Let’s explore the CAST PostgreSQL function, take a look at what it is, what it does, its pros and cons, and when to use it.
Casting types is a crucial aspect of managing data in any application. Without proper data type conversion, you may have unexpected results or even errors that can be hard to detect. That's where the
CAST function in Postgres comes into play!
In this article, you will discover the ins and outs of the
CAST function in Postgres and learn how to use it effectively to convert data types.
What Is CAST in PostgreSQL?
CAST is a PostgreSQL function that defines how to convert data types. In cases where data needs to be converted from one type to another, casting allows you to achieve this seamlessly.
The syntaxes below illustrate the operation of CAST in PostgreSQL:
CAST ( expression AS target_data_type );
In the syntax above, you first specify an expression that can be a constant, a table column, or an expression that evaluates to a value, and then you specify the target data type to which you want to convert the result of the expression.
The :: operator allows you to cast an expression directly to the specified target data type. The expression can be a column name, a literal value, or the result of a calculation. Both syntaxes, however, produce the same results.
How to Use CAST in PostgreSQL
In the general syntax, the "expression" parameter represents the value that you want to convert, and the "data_type" parameter represents the target data type that you want to convert the value to.
For example, let's say you have a table called "employees" with a column called "salary" that contains decimal values. If you want to convert the "salary" values to integers, you can use the
CAST function in a SQL query like this:
SELECT CAST(salary AS INTEGER) AS salary_int FROM employees;
CAST function is used to convert the "salary" values to integers, and the resulting column is named "salary_int" in the result set.
Pros and Cons of CAST
PostgreSQL CASTING: Use Cases
(1) Casting a String to an Integer
Provided that there’s a string ‘069’ that is needed to be converted into an integer, we can use the
CAST function to do this as shown below:
This query will return the integer value 069. The
CAST function takes the string '069' as its input and converts it to an integer data type. Let’s note that the resulting integer value can be stored in an integer column in a table.
It is important to bear in mind that if the expression or input string cannot be converted to the target data type, PostgreSQL will throw an error and so it’s always critical to ensure that the input data, before casting it to the target data type, is validated.
(2) Casting a String to a Double
Let's say we have a string '11.8' that we want to convert to a double. We can use the CAST function to do this as shown here:
You realize that there’s an error. This is because the
DOUBLE data type is not recognized by PostgreSQL as it is not a standard SQL data type and isn’t part of the SQL standard that PostgreSQL follows.
To fix this, you need to use
DOUBLE PRECISION instead of
DOUBLE as shown here in DbVisualizer:
(3) Casting a Table Data
Let's assume we have a table called "orders" with columns "order_id", "order_date", and "total_cost". The "order_date" column is of type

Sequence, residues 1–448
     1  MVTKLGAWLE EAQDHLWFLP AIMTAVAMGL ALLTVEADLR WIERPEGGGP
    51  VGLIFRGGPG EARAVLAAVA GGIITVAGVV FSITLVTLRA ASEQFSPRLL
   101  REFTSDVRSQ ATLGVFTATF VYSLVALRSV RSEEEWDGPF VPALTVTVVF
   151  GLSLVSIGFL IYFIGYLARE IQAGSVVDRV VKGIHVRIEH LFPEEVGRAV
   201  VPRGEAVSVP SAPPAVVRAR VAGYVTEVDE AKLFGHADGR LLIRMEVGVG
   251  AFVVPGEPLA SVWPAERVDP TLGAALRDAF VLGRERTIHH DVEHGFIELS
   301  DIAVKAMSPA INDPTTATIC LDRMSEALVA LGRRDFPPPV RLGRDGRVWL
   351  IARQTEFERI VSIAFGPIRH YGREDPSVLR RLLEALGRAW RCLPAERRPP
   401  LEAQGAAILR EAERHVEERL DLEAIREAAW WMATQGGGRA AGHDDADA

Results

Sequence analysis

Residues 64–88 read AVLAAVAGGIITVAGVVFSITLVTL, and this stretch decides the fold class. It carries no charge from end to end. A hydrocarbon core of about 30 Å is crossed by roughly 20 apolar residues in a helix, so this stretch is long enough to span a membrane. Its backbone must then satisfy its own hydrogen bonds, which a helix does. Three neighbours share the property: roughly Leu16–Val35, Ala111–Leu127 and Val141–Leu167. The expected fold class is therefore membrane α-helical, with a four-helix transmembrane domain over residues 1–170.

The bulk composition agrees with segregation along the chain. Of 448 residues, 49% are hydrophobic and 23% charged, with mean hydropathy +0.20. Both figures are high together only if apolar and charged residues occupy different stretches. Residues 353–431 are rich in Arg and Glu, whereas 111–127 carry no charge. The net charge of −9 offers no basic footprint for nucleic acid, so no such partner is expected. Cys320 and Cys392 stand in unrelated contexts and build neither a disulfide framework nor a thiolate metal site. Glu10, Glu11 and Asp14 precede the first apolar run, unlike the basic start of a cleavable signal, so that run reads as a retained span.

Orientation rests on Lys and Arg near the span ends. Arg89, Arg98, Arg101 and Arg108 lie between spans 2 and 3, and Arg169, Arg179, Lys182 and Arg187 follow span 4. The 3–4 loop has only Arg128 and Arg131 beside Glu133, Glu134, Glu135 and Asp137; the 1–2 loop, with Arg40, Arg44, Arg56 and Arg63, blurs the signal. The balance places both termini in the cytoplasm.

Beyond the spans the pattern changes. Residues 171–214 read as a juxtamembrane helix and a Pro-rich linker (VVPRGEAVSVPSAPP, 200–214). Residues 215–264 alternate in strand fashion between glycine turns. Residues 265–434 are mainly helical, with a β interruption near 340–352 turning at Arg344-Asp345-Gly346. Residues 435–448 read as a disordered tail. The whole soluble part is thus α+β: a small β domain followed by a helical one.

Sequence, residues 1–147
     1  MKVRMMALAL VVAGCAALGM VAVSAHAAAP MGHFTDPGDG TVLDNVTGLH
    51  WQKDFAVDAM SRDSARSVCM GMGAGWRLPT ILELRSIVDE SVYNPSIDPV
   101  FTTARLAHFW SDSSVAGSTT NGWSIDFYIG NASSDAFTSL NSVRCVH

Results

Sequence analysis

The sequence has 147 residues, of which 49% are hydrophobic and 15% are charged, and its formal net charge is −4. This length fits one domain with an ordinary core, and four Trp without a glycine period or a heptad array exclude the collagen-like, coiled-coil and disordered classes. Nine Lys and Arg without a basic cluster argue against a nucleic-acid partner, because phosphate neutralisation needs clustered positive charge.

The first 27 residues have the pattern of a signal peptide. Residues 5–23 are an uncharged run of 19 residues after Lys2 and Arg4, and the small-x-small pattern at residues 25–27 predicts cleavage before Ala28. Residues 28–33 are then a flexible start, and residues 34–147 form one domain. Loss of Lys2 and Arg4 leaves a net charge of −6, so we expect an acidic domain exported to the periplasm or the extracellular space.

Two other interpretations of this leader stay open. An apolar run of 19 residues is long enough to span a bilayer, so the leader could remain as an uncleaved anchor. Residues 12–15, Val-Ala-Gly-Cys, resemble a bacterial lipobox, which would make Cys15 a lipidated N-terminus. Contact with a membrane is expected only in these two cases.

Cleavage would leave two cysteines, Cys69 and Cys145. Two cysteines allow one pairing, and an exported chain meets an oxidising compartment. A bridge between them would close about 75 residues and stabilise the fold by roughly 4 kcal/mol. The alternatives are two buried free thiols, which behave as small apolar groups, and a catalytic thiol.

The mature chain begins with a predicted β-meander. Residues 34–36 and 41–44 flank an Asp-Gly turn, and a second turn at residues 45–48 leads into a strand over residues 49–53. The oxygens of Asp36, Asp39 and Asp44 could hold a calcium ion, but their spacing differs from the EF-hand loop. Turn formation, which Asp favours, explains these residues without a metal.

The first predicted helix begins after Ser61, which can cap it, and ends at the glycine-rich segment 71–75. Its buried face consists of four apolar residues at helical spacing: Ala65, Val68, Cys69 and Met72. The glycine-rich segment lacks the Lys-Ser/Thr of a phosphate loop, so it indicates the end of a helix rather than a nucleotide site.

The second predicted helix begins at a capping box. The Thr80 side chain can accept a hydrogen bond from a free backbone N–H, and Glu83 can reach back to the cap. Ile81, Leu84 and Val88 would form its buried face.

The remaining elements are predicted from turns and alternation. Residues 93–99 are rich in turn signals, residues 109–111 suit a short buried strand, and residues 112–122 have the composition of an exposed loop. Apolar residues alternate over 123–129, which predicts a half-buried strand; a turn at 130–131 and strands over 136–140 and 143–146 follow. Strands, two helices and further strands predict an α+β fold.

text, and we want to convert it to a
date data type using the
CAST function in a SELECT query as shown below:
SELECT order_id, CAST(order_date AS DATE), total_cost
When the query is executed, the "order_date" column will contain date values instead of text values.
You could also use
CAST with table data in this instance: first, create a table called players that consists of two columns, and then insert some data into the players table with the query below:
Because the requirements change, let us use the same players table to store ratings as numbers e.g.,
3 instead of
C so that players table stores mixed values including numeric and string data types with the following query:
INSERT INTO players (rating)
To know if our modifications have worked, let us run this query in the SQL commander of DbVisualizer:
Great! Everything is on point. Now, let us do this exercise by converting all values in the rating column into integers. When we do this, the
C ratings will be displayed as zero.
To do this, let us build a query that retrieves data from the players table and includes a
CASE statement that checks the value of the rating column and returns a different value if the value is a string that can be converted to an integer or not.
The query above uses a
CASE statement with a regex pattern to conditionally convert the rating column values to integers and returns a default value of 0 for non-numeric values.
In this article, you learned that CAST is a powerful tool for effectively converting data types from one form to another.
To better appreciate its capabilities, you need a tool that helps you manage databases and visually explore query results. This is where a full-featured database client like DbVisualizer comes in. In addition to being able to connect to several DBMSs, it offers advanced query optimization functionality, and full support for all PostgreSQL features, including CAST. Download DbVisualizer for free now!
What is PostgreSQL CAST?
PostgreSQL CAST is a function that is used to convert a value of one data type to another data type, such as converting a string to a date.
How do I use PostgreSQL CAST?
To use PostgreSQL
CAST, you can include the
CAST function in your SQL query, followed by the value you want to convert and the target data type enclosed in parentheses.
What should I do if PostgreSQL CAST fails to convert my data?
It may be because the source data isn’t in a format that can be converted to the target data type. When this happens, you may need to transform the data before re-attempting the conversion process.